Bruce Hornsby on making albums: Format ‘still has great relevance to me’

Bruce Hornsby has covered plenty of stylistic ground since his multi-platinum debut in 1986. Yet he still found new horizons to explore on his 21st album, “Absolute Zero,” which is radically different than the string-band sound of 2016’s “Rehab Reunion.”

What follows is an edited excerpt from a recent email interview with Hornsby, bringing his band the Noisemakers to Rose Music Center in Huber Heights on Tuesday, July 16.

Q: What was your mission plan for “Absolute Zero”?

A: Over the last 11 years, I've written over 230 different pieces of music for Spike Lee films. There were several that felt special to me, felt they needed to be developed into songs. I had my engineer create a file of 14 of these, and I already had some song ideas for some of them. So, my charge was to get in my studio and do the hard, mental lifting, the hard thought needed to create over these musical pieces that, for the most part, felt like fairly complete musical statements. So, I did that and entered a very intense period of creativity surrounding these "cues" I had written.

Q: Where did you record?

A: I recorded these in my studio in Williamsburg, Va., and then moved around the country here and there for the next eight to 10 months, adding special spices to the music: yMusic, Rob Moose, Blake Mills and Justin Vernon along with his merry band of musical cohorts.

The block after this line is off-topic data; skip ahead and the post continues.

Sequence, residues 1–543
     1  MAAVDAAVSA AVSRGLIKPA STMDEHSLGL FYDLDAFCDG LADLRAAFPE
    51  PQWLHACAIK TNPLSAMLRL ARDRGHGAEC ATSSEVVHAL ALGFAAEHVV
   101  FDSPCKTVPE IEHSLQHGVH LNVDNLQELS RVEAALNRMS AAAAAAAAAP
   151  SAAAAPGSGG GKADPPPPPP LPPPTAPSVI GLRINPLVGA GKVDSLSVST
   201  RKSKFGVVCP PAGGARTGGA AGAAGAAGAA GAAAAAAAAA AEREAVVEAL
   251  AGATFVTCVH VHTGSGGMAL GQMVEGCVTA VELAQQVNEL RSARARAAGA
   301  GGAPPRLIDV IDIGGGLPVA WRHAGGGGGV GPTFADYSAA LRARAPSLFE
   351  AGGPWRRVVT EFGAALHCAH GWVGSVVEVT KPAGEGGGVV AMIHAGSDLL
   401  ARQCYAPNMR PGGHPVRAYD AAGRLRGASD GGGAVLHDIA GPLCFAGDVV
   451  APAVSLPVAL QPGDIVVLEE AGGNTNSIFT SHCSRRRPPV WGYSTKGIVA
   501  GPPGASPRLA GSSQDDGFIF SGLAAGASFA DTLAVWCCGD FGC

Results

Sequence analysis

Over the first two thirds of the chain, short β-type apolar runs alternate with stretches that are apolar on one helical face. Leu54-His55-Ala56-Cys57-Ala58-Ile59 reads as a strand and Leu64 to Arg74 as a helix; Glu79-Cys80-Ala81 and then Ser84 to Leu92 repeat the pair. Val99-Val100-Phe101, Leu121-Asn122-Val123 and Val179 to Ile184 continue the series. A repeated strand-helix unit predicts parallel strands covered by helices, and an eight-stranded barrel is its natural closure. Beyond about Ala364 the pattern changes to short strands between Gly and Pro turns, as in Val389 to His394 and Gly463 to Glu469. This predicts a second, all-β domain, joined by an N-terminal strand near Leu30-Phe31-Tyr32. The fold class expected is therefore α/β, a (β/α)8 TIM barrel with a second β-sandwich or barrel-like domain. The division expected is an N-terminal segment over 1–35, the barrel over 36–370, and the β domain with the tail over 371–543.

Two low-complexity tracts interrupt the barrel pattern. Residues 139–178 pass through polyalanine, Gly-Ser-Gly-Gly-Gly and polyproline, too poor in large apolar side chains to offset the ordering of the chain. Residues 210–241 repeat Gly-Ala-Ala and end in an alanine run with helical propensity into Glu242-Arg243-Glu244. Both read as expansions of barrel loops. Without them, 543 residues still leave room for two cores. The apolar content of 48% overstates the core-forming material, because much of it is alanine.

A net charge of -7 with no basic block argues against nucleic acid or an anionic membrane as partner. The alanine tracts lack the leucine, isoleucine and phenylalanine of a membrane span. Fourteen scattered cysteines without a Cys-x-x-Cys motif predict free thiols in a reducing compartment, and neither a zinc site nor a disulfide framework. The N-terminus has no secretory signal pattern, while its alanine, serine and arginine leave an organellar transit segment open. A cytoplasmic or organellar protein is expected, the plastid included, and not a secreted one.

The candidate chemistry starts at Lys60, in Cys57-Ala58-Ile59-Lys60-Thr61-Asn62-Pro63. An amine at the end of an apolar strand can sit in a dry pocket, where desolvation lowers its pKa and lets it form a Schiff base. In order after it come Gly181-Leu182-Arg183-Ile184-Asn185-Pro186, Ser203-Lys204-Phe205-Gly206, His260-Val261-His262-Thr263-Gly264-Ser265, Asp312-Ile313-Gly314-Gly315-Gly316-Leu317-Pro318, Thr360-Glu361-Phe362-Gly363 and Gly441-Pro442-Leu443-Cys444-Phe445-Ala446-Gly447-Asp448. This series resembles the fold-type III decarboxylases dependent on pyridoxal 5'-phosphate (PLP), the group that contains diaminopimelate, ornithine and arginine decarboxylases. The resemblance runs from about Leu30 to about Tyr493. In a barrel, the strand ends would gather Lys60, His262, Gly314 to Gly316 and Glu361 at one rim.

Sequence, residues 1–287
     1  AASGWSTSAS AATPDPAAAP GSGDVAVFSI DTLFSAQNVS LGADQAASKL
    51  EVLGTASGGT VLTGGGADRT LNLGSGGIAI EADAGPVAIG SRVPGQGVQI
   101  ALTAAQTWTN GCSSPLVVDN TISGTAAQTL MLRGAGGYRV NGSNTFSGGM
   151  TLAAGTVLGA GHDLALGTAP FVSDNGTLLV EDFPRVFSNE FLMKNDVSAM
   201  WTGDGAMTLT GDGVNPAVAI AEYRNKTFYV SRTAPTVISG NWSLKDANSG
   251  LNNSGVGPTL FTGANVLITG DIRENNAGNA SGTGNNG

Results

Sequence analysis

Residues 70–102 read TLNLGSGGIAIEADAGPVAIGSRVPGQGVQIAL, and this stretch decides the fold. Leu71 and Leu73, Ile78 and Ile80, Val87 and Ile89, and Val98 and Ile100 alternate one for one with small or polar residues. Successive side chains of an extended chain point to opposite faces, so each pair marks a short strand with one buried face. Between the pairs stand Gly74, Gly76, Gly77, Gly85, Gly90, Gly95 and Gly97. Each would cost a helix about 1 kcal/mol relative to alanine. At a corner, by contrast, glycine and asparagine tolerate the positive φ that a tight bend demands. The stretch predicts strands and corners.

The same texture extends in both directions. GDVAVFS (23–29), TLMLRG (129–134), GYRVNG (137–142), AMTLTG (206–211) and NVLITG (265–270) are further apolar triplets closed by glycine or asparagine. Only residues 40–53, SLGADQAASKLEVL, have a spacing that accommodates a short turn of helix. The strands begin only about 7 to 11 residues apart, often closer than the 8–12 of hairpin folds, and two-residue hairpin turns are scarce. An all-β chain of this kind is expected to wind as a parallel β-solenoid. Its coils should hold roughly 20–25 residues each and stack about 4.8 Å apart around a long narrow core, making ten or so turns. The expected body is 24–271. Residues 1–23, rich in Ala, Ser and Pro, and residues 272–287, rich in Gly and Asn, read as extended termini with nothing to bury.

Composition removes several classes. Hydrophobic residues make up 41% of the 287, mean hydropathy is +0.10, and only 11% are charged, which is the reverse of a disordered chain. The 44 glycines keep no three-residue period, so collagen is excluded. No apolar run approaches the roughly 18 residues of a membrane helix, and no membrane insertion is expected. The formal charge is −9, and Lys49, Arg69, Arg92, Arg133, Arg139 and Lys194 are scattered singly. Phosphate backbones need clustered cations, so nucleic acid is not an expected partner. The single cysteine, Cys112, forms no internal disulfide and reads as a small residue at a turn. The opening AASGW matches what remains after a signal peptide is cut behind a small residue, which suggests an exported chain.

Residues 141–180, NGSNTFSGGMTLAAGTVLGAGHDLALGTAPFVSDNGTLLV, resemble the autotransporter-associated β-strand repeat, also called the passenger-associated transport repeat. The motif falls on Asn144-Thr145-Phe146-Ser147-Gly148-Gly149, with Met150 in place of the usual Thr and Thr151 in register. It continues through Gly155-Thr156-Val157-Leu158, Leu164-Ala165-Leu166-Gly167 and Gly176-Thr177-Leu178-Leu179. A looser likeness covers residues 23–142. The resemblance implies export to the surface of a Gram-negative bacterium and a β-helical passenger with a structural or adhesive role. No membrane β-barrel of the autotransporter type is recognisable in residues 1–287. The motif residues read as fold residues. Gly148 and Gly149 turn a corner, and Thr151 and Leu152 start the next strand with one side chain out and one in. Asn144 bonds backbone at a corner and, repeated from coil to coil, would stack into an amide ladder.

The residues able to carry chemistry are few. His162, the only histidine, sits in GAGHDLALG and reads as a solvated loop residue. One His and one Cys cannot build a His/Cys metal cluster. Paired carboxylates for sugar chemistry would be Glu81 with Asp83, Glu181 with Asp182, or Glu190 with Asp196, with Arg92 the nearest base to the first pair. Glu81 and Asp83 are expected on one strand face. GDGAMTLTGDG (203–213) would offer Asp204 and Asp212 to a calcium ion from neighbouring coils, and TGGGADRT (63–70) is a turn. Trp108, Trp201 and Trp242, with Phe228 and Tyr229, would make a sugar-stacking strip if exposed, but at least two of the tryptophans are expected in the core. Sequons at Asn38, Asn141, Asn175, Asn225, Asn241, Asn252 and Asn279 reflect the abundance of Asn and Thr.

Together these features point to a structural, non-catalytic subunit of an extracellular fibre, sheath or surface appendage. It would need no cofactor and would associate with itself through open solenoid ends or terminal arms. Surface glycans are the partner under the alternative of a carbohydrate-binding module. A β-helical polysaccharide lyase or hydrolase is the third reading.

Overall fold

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Q: Do you subscribe to the belief the album format has become irrelevant?

A: The album format has clearly become irrelevant on a commerce level. On an artistic level, it still has great worth and relevance to me, so I'll continue for a good while in this endeavor in spite of all worldly attempts to diminish and dismiss it! Naysayers have been predicting the demise of the novel for years and years, but that's not stopping the amazing modern writers working in that area.

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Q: What makes Amos Lee a good match for co-headliner?

A: I met Amos last year in L.A. where he was working on his last record with my longtime friend and creative partner Tony Berg. We hit it off personally right away. I have great respect for his abilities and his work, so I asked him to perform at my Funhouse Fest coming up a few months later. He played the festival, was fantastic and later reached out to see about coming together for these dates. We have different approaches musically, of course, but share similar musical tastes and a great love of American music in all its forms.


Who: Bruce Hornsby & the Noisemakers with Amos Lee

Where: Rose Music Center, 6800 Executive Blvd., Huber Heights

When: 7:30 p.m. Tuesday, July 16. Doors open at 6:30 p.m.

Cost: $23.50-$60

More info: Call 937-228-2323 or visit

Artist info:

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